One of my nutrition professors, Satya Ambrose (who co-founded Oregon College of Oriental Medicine and is a brilliant doctor), teaches what she calls the “Five R’s” of restoring healthy gut function. (1) REMOVE. Remove the offenders: toxins, inflammation, infection, harmful microbes, unhealthy foods, foods you’re sensitive or allergic to, etc. (2) REPLACE. Replace the nutrients that have been missing due to poor gut health. Consume healthy, easy-to-absorb, you-appropriate foods. (3) RE-INOCULATE. Seed the gut with beneficial microorganisms through probiotics and cultured foods. (4) REBUILD. Rebuild the damaged lining of the gut with herbs (such as slippery elm, marshmallow, and licorice) and nutrients (such as l-glutamine, coenzyme Q10, and omega-3 fatty acids). (5) REST. Resting more during this process will allow the body to devote more energy and resources to the healing process.

Since this series is about cleansing, we’re really only covering the first R – removal. If you have significant health problems, I urge you to see a practitioner who can guide you through the process in a more comprehensive way. But if you feel mostly healthy and want to occasionally support clean, calm intestines, taking measures to promote removal can be useful sometimes.

The best strategy for ongoing cleaning of the intestines is to eat a high fiber diet, possibly supplementing with additional fiber as an extra cleanser. This is especially important if you experience constipation on a regular basis. There’s lots of fiber in most fruits and vegetables, and a good amount in beans and whole grains, too. As a fiber supplement, you can try psyllium seed husk powder in some water or juice. Start with a small dose, like half a teaspoon, take with lots of liquid, and increase the dose gradually over several days. Flax seed and chia seeds are also very high in fiber and can be ground and eaten in cereal or stirred into water or a smoothie.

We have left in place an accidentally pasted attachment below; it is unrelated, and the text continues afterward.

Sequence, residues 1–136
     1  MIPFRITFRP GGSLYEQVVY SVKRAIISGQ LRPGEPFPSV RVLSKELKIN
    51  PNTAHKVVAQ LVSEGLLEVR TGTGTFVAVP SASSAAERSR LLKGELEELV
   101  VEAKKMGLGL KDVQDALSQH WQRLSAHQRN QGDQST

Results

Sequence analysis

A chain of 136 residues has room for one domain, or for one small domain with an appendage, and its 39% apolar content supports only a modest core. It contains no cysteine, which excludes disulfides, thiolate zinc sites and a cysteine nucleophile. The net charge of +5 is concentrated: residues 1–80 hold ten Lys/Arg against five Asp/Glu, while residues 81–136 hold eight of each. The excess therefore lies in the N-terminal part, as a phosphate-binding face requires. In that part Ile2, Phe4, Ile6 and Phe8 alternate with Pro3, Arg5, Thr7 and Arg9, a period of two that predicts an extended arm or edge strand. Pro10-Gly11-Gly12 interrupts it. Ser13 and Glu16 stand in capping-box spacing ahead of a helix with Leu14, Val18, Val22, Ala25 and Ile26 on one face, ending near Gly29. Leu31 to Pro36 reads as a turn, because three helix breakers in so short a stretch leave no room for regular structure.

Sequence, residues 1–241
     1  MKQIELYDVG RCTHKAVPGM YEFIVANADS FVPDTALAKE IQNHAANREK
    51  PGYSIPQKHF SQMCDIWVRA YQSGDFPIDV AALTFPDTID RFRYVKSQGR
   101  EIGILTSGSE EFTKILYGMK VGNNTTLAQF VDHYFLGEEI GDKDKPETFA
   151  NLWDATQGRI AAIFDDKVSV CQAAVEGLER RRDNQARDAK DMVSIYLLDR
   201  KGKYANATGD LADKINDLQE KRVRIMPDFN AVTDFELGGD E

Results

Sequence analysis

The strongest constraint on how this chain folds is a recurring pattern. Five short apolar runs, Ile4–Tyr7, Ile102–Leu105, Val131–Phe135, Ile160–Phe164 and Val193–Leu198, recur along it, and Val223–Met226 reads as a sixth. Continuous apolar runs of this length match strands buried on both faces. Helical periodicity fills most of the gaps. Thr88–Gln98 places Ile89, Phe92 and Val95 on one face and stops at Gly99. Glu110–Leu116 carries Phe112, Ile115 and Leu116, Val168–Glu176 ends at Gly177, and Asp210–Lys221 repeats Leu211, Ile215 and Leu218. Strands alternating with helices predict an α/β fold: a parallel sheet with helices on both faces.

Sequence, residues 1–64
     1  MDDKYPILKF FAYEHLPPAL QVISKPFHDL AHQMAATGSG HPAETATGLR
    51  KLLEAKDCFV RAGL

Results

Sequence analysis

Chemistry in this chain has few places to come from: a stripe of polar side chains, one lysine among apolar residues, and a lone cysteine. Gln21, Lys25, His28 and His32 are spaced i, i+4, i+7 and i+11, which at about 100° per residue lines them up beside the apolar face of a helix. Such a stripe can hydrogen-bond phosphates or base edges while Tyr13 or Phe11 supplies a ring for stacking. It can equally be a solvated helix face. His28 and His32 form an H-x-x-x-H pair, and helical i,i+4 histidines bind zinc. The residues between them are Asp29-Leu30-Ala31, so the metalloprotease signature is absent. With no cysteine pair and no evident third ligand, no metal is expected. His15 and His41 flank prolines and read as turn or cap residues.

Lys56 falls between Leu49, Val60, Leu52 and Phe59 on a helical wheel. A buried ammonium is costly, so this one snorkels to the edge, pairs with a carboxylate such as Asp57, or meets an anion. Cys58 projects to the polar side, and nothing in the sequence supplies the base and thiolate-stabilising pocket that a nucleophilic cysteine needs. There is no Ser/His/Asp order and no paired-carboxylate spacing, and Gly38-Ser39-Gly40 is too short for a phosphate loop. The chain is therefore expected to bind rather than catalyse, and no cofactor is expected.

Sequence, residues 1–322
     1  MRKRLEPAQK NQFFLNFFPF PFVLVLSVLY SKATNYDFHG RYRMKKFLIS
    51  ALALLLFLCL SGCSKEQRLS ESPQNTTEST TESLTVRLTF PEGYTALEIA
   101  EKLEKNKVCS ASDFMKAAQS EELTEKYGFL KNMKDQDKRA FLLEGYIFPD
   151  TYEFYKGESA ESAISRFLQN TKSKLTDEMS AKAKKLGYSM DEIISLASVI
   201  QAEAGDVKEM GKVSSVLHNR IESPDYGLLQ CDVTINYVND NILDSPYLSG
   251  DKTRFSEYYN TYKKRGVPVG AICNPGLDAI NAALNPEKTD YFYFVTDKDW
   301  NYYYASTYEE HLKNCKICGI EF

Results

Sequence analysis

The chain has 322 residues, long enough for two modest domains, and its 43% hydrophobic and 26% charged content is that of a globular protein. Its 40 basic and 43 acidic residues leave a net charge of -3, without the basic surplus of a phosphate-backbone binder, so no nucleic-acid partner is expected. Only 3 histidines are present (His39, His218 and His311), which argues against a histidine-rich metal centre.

Another way to ensure more complete evacuation of the bowels is by squatting on the toilet. Here’s a video I made about the benefits and logistics of the practice:

The health benefits of squatting with Dr. Peter Borten

Posted by The Dragontree on Tuesday, May 17, 2016


If you’re having lots of gas or foul smelling stools, activated charcoal can be useful to carry out the gas and toxins from the intestines. You can take six capsules at a time, apart from food. Activated charcoal particles are covered with millions of tiny nooks and crannies that serve as adsorption sites – they bind up whatever is there. For this reason, drinking a slurry of activated charcoal in water is a common treatment for poisoning.

Another popular gut detoxifier is bentonite clay. Ingesting clay has gotten some fad status recently due to some celebrity talking about it, but it has been used in Traditional Chinese Medicine (TCM) and other traditional healing systems for a couple millennia. In TCM we use a red clay called kaolin, which also happens to be one of the original ingredients in the diarrhea product Kaopectate (the other main ingredient was pectin – hence the name, “kao” + “pect” – nowadays they use neither).